The Prout School Principal David Estes

David Estes, the new head of school at The Prout School in Wakefield.

Just as The Prout School Principal David Estes finished enthusiastically describing the work of one teacher, he began praising another. And another. And yet another. It’s clear he has school pride, and that pride is quickly spreading.

Estes took over the helm of The Prout School in July after former Principal David Carradini stepped down. Within the past year there have been several other shifts in administrative positions: Prout welcomed Carolyn Spratt Lawrence as new assistant principal; former teacher Jeanne Tierney became dean of students; and Communications Director Sharon DeLuca took on the role of director of admissions, doing both jobs until a new communications director is found.

“The climate in the building has been great this year,” DeLuca said in an interview last week. “We started off on a very positive note, and we’ve just been building on that every single day, working together. I give [Estes] a lot of credit for bringing that to us this year.”

The Prout School administration has been working to improve the Catholic high school and boost enrollment. The school enrolled approximately 555 students in grades 9 through 12 in the 2014-15 school year. This year, there are approximately 500 students. While Prout is not the only institution struggling with enrollment – enrollment has dropped in South Kingstown’s public schools, too – it also faced several controversies under Carradini’s leadership, including bringing in a contentious speaker, and initially backing a developer’s plan to build a drug rehabilitation center next door to the school – a plan the town later rejected.

But now, school officials are focusing on the positive.

“Our job is to provide a safe environment where kids are encouraged to be the best version of ourselves,” Estes said. “Part of what we’re doing is – there are so many strong traditions at the school – is to take things that are already strong and make them even better.”

Homecoming was expanded this year, Estes said. A banner contest among the four classes was established to encourage school pride. The senior class won with its artistic rendering of the school mascot, The Crusader. Other displays during homecoming highlighted students’ athletic, artistic and academic achievements.

Artistically, the school particularly boasts a strong theater and performing arts department, Estes said, as he provided a tour of the auditorium, filled with construction material students are using to design the set of the upcoming play, “Starmites.”

Academically, Prout is partnering with the University of Rhode Island Master Gardener program to add an eco-friendly component to the science offerings. This will include a sustainable garden in one of the courtyards, Estes said.

“Our priority is building up our curriculum, revising our current curriculum and improving it so it’s more rigorous and provides more opportunity for hands-on activities,” Estes said.

Estes has formed a committee to continue improving the International Baccalaureate program. The IB organization provides a curriculum of courses similar in nature to Advanced Placement courses. This is Prout’s signature offering, as it is the only school in Rhode Island that offers the degree, though South Kingstown High School is considering it. Also unique is a program to enroll students from China.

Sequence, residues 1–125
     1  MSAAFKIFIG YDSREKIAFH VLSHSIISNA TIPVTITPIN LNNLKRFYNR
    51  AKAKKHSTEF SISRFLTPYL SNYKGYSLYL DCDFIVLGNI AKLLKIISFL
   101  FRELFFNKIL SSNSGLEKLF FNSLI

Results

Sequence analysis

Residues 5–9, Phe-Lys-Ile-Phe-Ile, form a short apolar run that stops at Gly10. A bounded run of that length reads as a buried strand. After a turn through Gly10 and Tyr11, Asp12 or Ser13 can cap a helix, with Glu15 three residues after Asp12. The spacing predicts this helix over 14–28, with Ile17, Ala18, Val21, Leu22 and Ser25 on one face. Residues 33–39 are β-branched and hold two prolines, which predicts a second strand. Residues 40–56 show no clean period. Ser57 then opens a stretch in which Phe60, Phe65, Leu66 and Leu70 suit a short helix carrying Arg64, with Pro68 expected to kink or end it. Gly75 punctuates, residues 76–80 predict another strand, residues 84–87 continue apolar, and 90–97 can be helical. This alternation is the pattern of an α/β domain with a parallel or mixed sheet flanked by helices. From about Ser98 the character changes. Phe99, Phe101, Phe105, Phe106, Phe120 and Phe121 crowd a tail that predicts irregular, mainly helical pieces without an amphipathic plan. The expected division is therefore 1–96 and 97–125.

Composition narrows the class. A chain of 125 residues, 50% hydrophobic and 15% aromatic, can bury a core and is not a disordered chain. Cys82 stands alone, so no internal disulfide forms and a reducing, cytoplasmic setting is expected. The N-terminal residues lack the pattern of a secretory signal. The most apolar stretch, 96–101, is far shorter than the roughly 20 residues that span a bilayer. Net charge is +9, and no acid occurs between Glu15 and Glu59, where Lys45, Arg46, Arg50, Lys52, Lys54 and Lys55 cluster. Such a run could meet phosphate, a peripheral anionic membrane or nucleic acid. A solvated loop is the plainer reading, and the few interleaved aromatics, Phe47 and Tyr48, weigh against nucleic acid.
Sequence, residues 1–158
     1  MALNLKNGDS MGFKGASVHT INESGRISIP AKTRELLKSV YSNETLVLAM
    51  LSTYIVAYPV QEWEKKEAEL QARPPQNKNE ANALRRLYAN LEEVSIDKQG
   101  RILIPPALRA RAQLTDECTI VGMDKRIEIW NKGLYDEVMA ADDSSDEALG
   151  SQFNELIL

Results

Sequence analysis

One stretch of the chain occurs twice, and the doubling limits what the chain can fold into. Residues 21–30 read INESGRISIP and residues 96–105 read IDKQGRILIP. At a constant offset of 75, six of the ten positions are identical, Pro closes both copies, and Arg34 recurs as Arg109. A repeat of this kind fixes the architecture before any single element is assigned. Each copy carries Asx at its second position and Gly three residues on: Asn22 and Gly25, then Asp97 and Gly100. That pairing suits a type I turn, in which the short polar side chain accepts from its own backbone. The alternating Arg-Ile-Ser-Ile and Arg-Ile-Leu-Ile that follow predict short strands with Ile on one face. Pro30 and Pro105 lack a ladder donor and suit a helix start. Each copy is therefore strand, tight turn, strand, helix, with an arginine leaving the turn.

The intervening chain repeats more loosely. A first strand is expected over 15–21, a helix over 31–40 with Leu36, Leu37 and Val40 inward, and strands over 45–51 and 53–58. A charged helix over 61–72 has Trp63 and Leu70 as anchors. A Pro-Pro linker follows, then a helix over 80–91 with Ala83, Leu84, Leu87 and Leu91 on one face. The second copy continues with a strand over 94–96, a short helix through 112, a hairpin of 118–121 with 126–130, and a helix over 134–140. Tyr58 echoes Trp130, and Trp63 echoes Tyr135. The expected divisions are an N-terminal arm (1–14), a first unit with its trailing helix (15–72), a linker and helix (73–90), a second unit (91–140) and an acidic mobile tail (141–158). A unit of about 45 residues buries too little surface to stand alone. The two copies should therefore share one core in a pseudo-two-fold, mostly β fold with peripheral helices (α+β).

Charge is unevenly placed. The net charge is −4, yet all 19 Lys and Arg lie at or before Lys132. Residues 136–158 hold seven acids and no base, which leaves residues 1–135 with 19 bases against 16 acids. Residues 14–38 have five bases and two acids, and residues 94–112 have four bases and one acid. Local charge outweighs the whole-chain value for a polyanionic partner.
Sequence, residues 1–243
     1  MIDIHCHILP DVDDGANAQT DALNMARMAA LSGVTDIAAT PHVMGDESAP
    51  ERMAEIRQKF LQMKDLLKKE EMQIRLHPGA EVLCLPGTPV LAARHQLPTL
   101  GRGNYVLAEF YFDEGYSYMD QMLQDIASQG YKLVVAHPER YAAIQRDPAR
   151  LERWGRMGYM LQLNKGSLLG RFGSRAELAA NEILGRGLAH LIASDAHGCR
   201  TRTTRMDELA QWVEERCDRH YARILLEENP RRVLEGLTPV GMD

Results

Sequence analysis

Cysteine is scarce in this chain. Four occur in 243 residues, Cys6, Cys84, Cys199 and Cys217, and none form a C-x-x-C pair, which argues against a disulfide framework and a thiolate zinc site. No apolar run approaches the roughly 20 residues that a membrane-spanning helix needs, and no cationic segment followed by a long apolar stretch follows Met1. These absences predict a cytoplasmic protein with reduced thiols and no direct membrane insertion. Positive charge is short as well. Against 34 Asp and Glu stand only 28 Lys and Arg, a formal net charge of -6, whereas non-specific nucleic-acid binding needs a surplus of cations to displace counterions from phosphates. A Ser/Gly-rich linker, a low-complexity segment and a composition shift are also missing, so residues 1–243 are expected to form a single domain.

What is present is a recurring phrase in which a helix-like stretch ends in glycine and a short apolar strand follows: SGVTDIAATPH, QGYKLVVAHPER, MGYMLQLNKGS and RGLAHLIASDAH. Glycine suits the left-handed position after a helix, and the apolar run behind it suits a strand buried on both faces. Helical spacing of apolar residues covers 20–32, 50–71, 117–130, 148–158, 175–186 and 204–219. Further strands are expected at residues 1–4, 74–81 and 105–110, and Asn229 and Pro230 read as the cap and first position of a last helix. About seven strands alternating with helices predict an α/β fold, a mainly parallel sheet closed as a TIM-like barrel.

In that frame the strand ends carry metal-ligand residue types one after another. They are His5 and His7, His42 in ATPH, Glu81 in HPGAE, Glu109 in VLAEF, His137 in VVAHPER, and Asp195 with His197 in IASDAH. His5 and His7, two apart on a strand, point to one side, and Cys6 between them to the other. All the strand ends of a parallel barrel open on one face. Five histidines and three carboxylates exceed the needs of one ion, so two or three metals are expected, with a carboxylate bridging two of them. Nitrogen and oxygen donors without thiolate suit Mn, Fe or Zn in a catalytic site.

Beyond the school day, Prout students are given many opportunities to be involved with the community, including collaborating with the Jonnycake Center of Peace Dale and Welcome House of South County in Peace Dale.

“We honor our Christian tradition by really providing opportunities for students to be reflective, be spiritually reflective, even if they’re not Christian or Catholic, to invite them into that,” Estes said. “We work for an environment that’s going to challenge them academically and really prepare them for the future, which we hope will be, at least in part, of service to others.

“People should be able to bring a joy to their work,” Estes continued. “When I think of [Prout’s sustainable garden] program, I think about the Pope’s first encyclical, where he talks about stewardship of the earth and of each other. He talks about bringing joy to the work, as much as we can. There are going to be tough days, there is going to be stuff we have to work on, but we can be as joyful as we want to be.”

Estes’ passion for his job is clear.

“To me, coming from the outside, I am just incredibly impressed with how welcoming the students are,” he said. “It’s OK to be who you are here. You’re not just an athlete at Prout. You’re not just a theater kid. You can be both, and kids are fine with that.”

Estes previously served as principal of Ponaganset High School, which serves the Foster-Glocester public school system. He began there in July 2014, after working for the state Department of Education while on leave from Providence Public Schools, where he had been an assistant principal at Central High School.

He has previously served as Head of School for Times Squared Academy in Providence and taught at San Miguel School in Providence and Saint Raphael Academy in Pawtucket. A resident of Cumberland, he is a graduate of the College of the Holy Cross in Worcester and Harvard University Graduate School of Education. He served in the U.S. military including 13 years as a U.S. Army Reserve officer and spent one year overseas. He and his wife, Christine, and their two children are parishioners of Saint John Vianney Church in Cumberland.

sk@scindependent.com

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